Too often Wenger has been forced to accept his team didn’t have what it takes, fending off repeated criticism his players lack the necessary strength and resilience to see off the challenge of rivals and end the season top of the pile.
This time, though, the manager is convinced he has the evidence to prove his side has developed more backbone.
The way Wenger’s side recovered from Charlie Adam’s 23rd minute penalty after Granit Xhaka’s leading elbow caught Joe Allen — a decision that was fiercely contested by the manager — held their patience, and then went on to claim the two-goal margin of victory that ensured they went briefly top was certainly impressive.
Target achieved, they shifted the pressure onto Antonio Conte’s side and in a season in which the leadership of the league could well change hands frequently, the display suggested Arsenal are developing good habits.
Wenger certainly thinks so. He pointed out after the game, the sight of his side shaking off the disappointment of falling behind is not uncommon this season.
“It’s the sixth time that we have gone down in the game and come back or won since the start of the season. That’s not a coincidence. There is something in the team that is quite strong, but after that we have to keep the spirit. The spirit as well is quite fragile you know, we have to keep the energy in the side, the team energy in the side, and everybody has to take care of that.”
Of those six comebacks, three have been wins, matching the total for last season as a whole. Statistics only tell part of the story but Arsenal’s display on Saturday, when goals from Theo Walcott, Mesut Ozil and Alex Iwobi completing the turnaround, suggested he has a point.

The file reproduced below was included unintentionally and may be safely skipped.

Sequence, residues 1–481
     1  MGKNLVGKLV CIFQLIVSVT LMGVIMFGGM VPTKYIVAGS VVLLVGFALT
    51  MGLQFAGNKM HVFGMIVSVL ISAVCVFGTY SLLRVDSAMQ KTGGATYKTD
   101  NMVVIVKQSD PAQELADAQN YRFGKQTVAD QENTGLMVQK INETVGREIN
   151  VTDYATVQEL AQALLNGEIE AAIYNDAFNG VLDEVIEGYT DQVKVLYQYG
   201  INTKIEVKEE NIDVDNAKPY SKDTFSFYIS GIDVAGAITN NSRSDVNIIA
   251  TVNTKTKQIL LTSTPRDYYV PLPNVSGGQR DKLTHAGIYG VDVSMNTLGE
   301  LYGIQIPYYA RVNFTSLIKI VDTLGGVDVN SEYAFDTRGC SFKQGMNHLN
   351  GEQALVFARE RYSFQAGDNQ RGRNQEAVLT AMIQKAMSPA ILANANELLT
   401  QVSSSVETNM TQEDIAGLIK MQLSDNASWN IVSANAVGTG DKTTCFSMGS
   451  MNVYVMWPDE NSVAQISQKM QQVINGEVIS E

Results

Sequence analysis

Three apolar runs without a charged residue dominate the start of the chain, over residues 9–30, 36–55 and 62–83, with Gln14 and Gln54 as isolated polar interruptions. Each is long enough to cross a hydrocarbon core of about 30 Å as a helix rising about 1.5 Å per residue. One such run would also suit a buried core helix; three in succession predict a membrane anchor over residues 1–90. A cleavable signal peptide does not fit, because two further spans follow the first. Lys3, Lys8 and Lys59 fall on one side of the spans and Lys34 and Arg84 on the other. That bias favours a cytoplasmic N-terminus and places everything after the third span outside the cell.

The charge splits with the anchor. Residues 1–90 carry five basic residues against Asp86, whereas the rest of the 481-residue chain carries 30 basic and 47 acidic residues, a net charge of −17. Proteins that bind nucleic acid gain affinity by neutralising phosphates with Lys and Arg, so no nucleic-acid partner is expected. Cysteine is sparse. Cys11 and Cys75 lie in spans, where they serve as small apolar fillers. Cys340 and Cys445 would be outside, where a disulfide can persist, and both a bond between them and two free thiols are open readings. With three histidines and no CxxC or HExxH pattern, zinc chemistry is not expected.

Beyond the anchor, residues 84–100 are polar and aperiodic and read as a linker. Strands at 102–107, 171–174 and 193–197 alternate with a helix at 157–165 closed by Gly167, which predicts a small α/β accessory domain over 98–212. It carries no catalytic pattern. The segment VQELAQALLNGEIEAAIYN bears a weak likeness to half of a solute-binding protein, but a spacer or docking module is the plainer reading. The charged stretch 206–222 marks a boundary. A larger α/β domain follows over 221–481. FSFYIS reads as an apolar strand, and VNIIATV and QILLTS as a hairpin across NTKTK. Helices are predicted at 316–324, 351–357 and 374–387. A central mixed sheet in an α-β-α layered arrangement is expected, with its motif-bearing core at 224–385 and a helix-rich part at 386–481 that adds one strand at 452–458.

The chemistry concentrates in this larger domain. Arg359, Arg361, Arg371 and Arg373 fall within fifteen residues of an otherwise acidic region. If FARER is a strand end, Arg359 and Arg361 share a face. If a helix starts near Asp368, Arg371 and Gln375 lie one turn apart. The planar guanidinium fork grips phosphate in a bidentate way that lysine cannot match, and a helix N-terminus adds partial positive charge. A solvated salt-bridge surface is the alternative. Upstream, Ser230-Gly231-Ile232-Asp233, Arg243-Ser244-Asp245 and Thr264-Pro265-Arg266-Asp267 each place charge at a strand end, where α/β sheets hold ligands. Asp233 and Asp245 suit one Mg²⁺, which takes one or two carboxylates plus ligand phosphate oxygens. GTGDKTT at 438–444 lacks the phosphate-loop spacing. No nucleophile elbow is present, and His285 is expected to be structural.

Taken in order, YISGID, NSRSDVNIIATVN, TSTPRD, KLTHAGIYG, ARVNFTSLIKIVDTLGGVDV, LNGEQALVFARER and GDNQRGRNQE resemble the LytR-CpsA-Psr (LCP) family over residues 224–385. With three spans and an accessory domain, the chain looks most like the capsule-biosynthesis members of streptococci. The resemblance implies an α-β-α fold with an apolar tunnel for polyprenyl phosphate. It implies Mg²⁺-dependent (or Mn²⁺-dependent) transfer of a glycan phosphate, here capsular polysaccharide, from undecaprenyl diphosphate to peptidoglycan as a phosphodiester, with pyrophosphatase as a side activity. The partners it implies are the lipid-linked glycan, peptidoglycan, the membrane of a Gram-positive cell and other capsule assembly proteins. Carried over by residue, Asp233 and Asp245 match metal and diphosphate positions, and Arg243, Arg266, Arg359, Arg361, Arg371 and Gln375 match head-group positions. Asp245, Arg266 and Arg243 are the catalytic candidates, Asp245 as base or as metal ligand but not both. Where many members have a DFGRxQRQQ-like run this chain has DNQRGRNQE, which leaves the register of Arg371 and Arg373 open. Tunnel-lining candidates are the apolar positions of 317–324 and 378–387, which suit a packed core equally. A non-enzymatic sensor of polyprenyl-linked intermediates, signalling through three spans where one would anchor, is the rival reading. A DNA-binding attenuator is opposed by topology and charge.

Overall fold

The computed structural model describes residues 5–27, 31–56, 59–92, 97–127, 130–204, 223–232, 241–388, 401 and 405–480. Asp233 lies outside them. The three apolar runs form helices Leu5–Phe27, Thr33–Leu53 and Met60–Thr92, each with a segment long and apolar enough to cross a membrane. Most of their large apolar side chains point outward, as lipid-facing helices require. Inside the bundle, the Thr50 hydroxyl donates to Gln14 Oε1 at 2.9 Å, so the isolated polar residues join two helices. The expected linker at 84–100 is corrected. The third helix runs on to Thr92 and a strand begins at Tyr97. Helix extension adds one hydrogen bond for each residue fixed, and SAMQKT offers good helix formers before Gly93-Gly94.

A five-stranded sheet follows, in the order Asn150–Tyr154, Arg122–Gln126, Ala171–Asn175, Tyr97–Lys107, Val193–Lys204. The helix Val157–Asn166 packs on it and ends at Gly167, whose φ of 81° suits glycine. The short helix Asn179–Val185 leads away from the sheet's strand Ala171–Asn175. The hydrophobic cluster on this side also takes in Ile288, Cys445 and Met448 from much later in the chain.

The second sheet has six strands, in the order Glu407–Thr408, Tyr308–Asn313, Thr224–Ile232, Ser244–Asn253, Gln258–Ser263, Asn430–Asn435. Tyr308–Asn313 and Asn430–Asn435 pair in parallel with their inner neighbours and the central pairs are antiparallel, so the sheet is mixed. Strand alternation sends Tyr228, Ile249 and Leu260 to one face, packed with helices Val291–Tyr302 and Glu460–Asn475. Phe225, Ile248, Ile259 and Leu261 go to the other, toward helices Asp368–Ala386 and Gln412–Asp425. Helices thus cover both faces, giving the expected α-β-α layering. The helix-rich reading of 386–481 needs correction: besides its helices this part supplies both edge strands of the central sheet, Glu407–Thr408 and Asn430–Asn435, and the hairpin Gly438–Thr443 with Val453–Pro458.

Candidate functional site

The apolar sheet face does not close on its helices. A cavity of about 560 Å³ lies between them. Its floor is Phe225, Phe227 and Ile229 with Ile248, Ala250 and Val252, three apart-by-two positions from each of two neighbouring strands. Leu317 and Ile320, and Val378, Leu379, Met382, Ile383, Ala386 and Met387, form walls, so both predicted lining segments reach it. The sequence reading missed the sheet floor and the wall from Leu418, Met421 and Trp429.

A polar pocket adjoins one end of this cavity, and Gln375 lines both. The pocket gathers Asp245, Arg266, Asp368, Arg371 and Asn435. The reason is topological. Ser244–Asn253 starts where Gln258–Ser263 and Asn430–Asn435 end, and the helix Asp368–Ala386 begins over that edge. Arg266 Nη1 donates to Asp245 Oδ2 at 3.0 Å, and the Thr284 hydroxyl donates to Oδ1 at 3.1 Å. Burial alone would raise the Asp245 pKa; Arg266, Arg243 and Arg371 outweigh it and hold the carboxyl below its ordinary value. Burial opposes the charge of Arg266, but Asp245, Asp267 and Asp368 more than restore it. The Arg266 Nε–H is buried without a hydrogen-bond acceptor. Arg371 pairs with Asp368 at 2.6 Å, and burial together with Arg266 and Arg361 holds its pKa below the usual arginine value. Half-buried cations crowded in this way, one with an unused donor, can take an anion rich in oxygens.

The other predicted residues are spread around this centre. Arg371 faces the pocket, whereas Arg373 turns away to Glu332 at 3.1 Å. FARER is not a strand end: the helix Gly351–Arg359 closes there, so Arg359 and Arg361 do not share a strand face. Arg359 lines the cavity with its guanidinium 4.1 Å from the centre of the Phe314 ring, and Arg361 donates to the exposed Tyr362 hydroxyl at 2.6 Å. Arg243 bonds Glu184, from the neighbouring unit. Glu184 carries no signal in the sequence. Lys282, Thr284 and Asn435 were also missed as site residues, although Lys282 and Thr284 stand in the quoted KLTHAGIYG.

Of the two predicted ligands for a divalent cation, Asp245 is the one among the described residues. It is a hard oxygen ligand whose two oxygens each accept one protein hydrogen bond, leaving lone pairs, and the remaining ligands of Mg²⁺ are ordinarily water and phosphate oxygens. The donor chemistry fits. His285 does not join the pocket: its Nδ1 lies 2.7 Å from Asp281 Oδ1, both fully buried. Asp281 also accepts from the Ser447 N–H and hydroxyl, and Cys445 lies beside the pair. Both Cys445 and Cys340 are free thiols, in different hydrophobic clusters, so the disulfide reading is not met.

The only downer was a first-half hamstring injury to centre-back Shkodran Mustafi but Walcott believes the side’s reaction after falling behind articulated the shift in attitude.
“The players that have come in have really stepped up the work ethic at the club, the intensity and the commitment and the hard work is showing not just from 11 players in the starting line-up but it’s the whole squad,” said the winger, who can expect a new coffee machine from his wife after she challenged her husband to reach double figures before Christmas.
“The manager always digs into us how important the whole squad is. When called upon everyone has done a fantastic job and that is the difference this year to previous years where maybe we weren’t quite ready as a whole squad.
“You could see there was disappointment after the penalty but I don’t think we dwelt on it too long. We have felt sorry for ourselves in the past and say it is not a penalty. You are going to be annoyed at the time, that’s fine but you have just got to deal with it and we reacted in a positive way. We got the rewards we deserved and came out for the second half and started the game well. We don’t normally do that. But there was something about us. Before going out everyone was ready.”
Defeat brought an end to Stoke’s improved run of form but with trips to Chelsea and Liverpool looming, manager Mark Hughes was keen to use the loss as a learning experience. He also signalled his intention to convert Bruno Martins Indi’s loan stay into a permanent move next month.
“We’re really pleased with what he is producing,” he said. “Every time he has had a challenge, or come up against quality, he has acquitted himself really well. He wants to progress and wants to do well in the Premier League and we want that to be with us if we can.”
Cech 7; Gabriel 6, Mustafi 6 (Bellerin 23, 8), Koscielny 6, Monreal 7; Coquelin 7, Xhaka 6; Walcott 7, Ozil 9, Oxlade-Chamberlain 8 (Iwobi 70,7); Sanchez 7 (Giroud 87, 6).
Ospina, Gibbs, Perez, Elneny.
Grant 6; Johnson 6, Martins Indi 7, Muniesa 6, Pieters 5; Imbula 5, Adam 6 (Sobhi 82); Diouf 5 (Crouch 72), Shaqiri 6 (Ngoy 86), Allen 7; Arnautovic 6.
Given, Whelan, Bony, Bojan.
Lee Mason 6